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Bnf Syntax

Here is the full syntax for how to write a bnf represented in our bnf format. If you're experienced you might notice there are some slight differences making our syntax slightly more modern. For those who aren't experienced with bnf syntax, don't worry we will go into it in detail.

program ::= %w* ( def %w* )+ ;

# Consumes a single wild character
any ::= !"" ;

# Whitespace
w ::= comment | " " | "\t" | "\n" | "\r" ;
    comment ::= "#" !"\n"* "\n" ;

name ::= ...( letter | digit | "_" )+ ;
    letter ::= "a"->"z" | "A"->"Z" ;
    digit ::= "0"->"9" ;

constant ::= single | double ;
    double ::= %"\"" ( ( "\\" ...any ) | !"\""+ )* %"\"" ;
    single ::= %"\'" ( ( "\\" ...any ) | !"\'"+ )* %"\'" ;

def ::= %w+ %"::=" %w* expr %w* %";" ;

expr ::= expr_arg %w* ( ...expr_infix? %w* expr_arg %w* )* ;
    expr_arg ::= expr_prefix ( constant | expr_brackets | ) ...expr_suffix? ;
    expr_prefix ::= "%"? "..."? "!"? ;
    expr_infix  ::= "->" | "|" ;
    expr_suffix ::= "*" | "?" | "+" ;
    expr_brackets ::= %"(" %w* expr %w* %")" ;

All syntax trees follow the same general structure, where all branches can only have SyntaxNode[] as their value, and all leaves will have string values.

All leaf notes will have the .type of literal, no matter what their naming originally was.


Every term must start with a name, which can be made out of letters, numbers, and _. After the name you put a ::= to start the expression, and must end it with a ;. This semicolon is to allow for multiline terms when things get complex.


All terms start with a sequence, meaning a series of things that must successfully parse for the term to be valid.

# will only accept "ab" as input
# just "b" will fail the entire sequence
program ::= "a" "b" ;


A term may start with a select expression, however it will be parsed as if the term had a sequence, of which the first element was a select. This is to help reduce how much a syntax tree layout changes with small changes to the bnf sequence.

You don't want minor tweaks to your BNF requiring major code changes due to your syntax tree now being represented majorly different.

Selects can be chained which will form one large list of options, and a select will resolve as the first child is matches with.

program ::= "a" | "b" | "c" ;

This will match any single a, b, or c - and if it matches anyone of them the resulting syntax tree would be the same as if that option was just directly in the sequence.

# with input "b"
sel ::= "a" | "b" | "c" ;
seq ::= "b" ;
Matching either of these two terms with the input b will create an identical syntax tree.

About determinism

A select will always take the first matching option, this means your option order will matter in some cases.

# input "baa"
success ::= "baa" | "b" ;
fail    ::= "b" | "baa" ;

Interaction with Sequence

If you use sequences and selects in a single expression he behaviour will flip flop between the two modes accordingly. We strongly recommend using brackets if you indent to mix these to make behaviour more clear.

program ::= "a" "b" | "c" "d" | "e" | "f";
resolve ::= "a" ( "b" | "c" ) ( "d" | "e" | "f" ) ;


All literals as just strings of characters, these must start and end with a ", (i.e. "Hello There"). For a literal to match successfully the entire literal must exactly match.

Literals also allow certain escape characters to help with encoding certain characters within a string.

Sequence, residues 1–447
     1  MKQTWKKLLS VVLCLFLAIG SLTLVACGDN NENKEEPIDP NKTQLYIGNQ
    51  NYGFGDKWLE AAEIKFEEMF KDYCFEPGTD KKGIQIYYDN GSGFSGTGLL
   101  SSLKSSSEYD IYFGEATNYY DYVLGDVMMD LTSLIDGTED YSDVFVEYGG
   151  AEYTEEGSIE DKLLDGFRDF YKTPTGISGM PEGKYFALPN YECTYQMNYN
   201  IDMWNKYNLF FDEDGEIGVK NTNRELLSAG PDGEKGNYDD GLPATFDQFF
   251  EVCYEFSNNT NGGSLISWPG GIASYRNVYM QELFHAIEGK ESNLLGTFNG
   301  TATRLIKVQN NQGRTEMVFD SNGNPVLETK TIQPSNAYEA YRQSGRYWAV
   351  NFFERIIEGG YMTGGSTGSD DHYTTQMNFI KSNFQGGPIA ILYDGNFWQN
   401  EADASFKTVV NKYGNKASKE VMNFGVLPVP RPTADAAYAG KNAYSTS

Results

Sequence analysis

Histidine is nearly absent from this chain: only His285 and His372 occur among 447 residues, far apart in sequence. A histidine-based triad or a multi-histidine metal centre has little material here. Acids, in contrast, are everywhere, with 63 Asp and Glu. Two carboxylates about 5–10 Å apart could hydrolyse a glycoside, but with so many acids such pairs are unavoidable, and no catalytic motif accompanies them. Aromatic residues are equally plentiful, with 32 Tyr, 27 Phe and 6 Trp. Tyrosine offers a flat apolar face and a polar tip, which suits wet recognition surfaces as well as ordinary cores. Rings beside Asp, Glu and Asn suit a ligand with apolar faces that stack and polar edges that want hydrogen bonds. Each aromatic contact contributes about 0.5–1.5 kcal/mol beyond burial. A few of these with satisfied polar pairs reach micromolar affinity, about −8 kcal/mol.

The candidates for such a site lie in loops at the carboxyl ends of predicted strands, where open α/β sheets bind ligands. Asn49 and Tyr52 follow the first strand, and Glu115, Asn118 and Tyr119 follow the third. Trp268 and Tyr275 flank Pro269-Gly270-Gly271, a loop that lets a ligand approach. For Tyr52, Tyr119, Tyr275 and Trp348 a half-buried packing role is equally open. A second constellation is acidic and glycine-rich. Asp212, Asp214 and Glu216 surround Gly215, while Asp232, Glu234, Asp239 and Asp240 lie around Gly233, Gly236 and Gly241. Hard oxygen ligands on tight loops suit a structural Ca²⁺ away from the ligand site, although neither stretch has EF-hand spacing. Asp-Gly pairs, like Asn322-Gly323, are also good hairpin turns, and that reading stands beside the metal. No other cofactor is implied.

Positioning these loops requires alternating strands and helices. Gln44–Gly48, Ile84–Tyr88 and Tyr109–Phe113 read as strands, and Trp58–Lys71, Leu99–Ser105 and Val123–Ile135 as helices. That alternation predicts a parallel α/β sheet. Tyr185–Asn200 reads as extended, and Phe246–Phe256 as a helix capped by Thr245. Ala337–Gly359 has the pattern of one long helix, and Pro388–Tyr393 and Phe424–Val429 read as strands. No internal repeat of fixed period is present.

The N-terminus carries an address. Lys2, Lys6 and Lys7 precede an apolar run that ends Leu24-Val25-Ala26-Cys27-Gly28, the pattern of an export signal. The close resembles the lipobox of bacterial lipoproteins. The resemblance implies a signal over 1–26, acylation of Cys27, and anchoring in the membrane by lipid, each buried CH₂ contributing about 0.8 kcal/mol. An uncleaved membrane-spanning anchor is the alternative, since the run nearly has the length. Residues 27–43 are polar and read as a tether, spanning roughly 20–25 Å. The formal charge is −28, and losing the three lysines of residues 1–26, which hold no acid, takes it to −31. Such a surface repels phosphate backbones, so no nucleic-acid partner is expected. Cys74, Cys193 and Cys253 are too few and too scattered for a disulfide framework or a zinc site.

Code Result
\b Backspace
\f Form Feed
\n New Line
\r Carriage Return
\t Horizontal Tab
\v Vertical Tab
\x?? The two characters following the \x must be hexadecimal digits, these digits represent the character code of the character you want to match at this point (\x6b = k)
- Unrecognised escapes will result in just the character after the slash


A range will match any character between the first and last literal. These two literals must both be a single character. This works based on checking if the byte is in range of the byte value of the two characters. Be mindful of this, because this will not match anything "z"->"a", and this "A"->"z" will also match some control characters between the upper case and lowercase alphabets.

letter ::= "a"->"z" | "A"->"Z" ;


This allows you to represent a sequence with a sequence, or even a sequence with a select. The insides of the bracket will resolve to either a sequence or a select depending on what's inside of them

a ::= ( "a"   "b" ) ; # bracket resolved to a child sequence
a ::= ( "a" | "b" ) ; # bracket resolved to a child select


When this ! is placed before any operand will consume the inverse of it. For instance if you want any character that isn't a vowel.

program ::= !( "a" | "e" | "i" | "u" | "o" ) ;


This will omit % the resulting SyntaxNode of what ever you're applying it to from the resulting syntax tree. This can be helpful for discarding unuseful data such as whitespace.

program ::= name %" " name %comment ;


This operator will apply on any operand, and flatten the resulting tree structure into a single string. This can be helpful for further sanitising of the syntax tree for features you don't care about, such as the specific structure of how a name is parsed.

program ::= ; # name will resolve name to a literal
name ::= letter letter letter ;


Repetitions can be applied at the end of any operand, and tells the parser how many times it should consume the pattern until it stops, and also it fail if it doesn't consume if enough times.

term  # once
term? # one or zero
term+ # at least once
term* # zero or more

This will actually apply to certain other operations directly modifying their behaviour. A not will tell it how many characters to consume which will resolve as a single node with a multi-character string. A range will also behave similarly as not when modified.